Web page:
We live in Lynn Haven, along Upper Goose Bayou, a bayou that rambles off to the west of North Bay. We bought this house mainly because we fell in love with the view of the bayou and because we are both "water people". Sunday afternoon, my first mistake was walking out to the seawall to check the water level of the tide. Next thing I know, I'm stairing into the eyes of one of the largest Sheepshead I had ever seen that close and in less than three feet of water. There were also about five sea trout cruising about two feet away. If you've never been less than five feet away from that many edible fish, it is an exciting feeling for a lifetime fisherman.
You see, I've got a problem and I'm willing to admit it. I'm addicted to fishing. Well, maybe "catching" not fishing. I grew up fishing Merrit's Millpond in Marianna for brim and shellcracker starting at 4 years of age. That means spotting those fish made me forget all my prior plans for the afternoon and get to the nearest bait store to stock up on shrimp.
The evening before we had eaten dinner with one of the most well known amateur fisherman in Bay County and he had given me all the secrets to catching trout and redfish. I was dying to try out the new techniques I had learned. He coached me on rigging, bait, and fish habits. He also gave me some great recommendation on how to handle the line to get the most interest from the fish.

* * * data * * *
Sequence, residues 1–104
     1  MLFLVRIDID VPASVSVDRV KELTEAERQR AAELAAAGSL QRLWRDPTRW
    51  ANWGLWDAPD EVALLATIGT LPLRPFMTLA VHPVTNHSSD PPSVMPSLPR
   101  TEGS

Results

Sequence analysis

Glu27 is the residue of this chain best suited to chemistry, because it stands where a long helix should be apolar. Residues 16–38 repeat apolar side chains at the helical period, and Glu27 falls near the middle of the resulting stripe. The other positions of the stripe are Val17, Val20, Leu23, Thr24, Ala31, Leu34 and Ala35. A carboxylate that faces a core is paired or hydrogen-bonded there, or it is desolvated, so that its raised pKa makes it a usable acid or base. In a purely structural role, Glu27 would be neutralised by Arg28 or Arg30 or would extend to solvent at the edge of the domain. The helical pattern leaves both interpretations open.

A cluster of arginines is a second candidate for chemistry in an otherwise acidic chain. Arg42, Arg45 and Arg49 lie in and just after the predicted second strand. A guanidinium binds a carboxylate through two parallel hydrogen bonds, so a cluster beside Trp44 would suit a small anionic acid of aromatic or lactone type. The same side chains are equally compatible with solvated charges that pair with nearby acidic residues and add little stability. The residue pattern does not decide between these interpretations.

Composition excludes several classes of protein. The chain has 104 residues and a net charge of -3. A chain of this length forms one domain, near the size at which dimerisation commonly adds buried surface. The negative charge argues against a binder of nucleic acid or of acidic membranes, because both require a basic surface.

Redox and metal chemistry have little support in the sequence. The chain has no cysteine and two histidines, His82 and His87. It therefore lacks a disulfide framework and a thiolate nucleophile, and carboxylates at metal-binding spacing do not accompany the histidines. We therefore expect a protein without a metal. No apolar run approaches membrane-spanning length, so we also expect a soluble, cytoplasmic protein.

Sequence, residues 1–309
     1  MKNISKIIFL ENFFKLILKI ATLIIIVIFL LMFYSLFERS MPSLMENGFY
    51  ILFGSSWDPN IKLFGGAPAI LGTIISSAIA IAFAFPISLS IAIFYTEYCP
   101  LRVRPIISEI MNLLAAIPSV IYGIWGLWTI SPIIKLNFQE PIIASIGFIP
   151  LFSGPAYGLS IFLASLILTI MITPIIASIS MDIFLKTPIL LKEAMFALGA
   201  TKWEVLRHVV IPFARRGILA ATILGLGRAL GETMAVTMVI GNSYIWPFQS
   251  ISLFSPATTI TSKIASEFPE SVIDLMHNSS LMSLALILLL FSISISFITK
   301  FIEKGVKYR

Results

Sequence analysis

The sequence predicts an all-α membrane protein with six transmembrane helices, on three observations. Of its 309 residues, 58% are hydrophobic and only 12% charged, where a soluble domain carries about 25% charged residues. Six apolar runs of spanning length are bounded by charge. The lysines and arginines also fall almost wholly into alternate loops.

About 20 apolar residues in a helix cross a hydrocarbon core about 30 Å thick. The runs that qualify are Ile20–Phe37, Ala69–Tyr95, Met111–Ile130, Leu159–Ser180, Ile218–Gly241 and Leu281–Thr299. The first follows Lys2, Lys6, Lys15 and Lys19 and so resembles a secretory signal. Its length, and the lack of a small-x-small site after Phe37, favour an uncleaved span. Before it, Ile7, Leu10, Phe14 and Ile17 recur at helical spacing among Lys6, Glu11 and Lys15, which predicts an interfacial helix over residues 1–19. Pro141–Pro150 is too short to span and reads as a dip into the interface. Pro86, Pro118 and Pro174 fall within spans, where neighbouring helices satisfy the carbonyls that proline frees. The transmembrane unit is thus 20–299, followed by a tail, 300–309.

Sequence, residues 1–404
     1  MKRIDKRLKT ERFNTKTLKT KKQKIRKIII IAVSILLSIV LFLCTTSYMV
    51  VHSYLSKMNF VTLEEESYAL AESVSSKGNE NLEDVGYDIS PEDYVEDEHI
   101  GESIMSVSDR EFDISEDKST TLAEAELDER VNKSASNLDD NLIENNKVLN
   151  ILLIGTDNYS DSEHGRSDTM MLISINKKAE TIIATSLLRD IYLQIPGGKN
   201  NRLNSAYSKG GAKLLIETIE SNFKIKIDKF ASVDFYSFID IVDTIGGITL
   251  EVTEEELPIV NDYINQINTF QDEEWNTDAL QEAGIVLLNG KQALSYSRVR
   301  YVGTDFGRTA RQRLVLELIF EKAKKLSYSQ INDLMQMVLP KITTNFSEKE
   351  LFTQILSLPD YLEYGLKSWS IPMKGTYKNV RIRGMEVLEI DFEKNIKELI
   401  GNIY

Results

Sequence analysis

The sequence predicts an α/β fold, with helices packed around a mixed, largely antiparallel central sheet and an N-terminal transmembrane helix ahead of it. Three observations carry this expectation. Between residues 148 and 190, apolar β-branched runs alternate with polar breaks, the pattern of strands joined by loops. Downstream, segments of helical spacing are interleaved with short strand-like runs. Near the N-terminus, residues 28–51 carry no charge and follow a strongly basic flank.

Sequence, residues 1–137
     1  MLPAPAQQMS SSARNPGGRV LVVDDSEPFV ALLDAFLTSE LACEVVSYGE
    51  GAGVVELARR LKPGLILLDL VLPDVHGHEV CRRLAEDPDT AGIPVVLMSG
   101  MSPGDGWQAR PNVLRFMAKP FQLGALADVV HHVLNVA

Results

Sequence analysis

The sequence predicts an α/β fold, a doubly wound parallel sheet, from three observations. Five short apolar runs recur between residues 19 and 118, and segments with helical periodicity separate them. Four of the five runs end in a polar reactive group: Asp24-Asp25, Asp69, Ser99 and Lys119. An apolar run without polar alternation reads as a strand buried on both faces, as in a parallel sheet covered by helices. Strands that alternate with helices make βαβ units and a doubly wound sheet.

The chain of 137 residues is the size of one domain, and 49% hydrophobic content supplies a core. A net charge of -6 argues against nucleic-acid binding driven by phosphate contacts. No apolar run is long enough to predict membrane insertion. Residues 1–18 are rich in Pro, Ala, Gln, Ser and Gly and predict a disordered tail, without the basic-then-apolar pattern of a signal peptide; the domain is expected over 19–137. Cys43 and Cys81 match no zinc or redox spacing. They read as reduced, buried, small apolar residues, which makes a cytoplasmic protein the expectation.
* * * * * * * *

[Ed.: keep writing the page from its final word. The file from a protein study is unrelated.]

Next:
The rod and reel I was using were not the best available The crank was a little sticky on the reel but the rigging was solid down to the hook. That's where I developed another problem. After catching two very small "non-legal" sea trout, bending the hook on a catfish, and then losing two nice sized trout right at the dock, I got my favorite deck hand to put a larger more sophisticated hook on. It was exactly 5 minutes later that I hooked into the largest fish I have ever caught off our dock. It was a large redfish or red drum as it is sometimes called. The fact that he was large and strong made me even more nervous that he was perilously close to a piling with barnacles and oysters all over it. The last thing you want is to have the fish wrap the line around a piling with sharp barnacles on it and cut the line or worse, loose your rigging by having it become snagged where you can't retrieve it. I faught him for about 10 minutes and fought the reel in the process. I would pull up on the rod and then laboriously crank on the reel, all the while "big red" was doing his level best to pull the line back out that I had just cranked in. After 15 minutes, I pulled the fish up to the dock grabbed him by the gills and went running up to the house to show my husband and son the monster I had just pulled out of the back yard.
We checked his size and verified that he was a keeper. My husband tackled cleaning and filleting him with our electric knife. He bagged and iced two nice fillets and put them in the refrigerator. You see I had planned on hamburgers for dinner, not fish, so we needed to save the fillets for later. At 6:00 am this morning, we fixed pan grilled redfish with fried eggs and sliced tomatoes. Now that meal is not something everyone can enjoy on a regular basis. But for those of us who live along the Gulf Coast and the emerald green waters of the Gulf of Mexico that is regular fare.
Today after I headed home from the office, I made a quick trip to Half Hitch Tackle to pick up some live shrimp and to evaluate what is would cost to upgrade my rod and reel. You see, I've got big plans to catch "big reds" close friends over the next few weeks. See you on the water!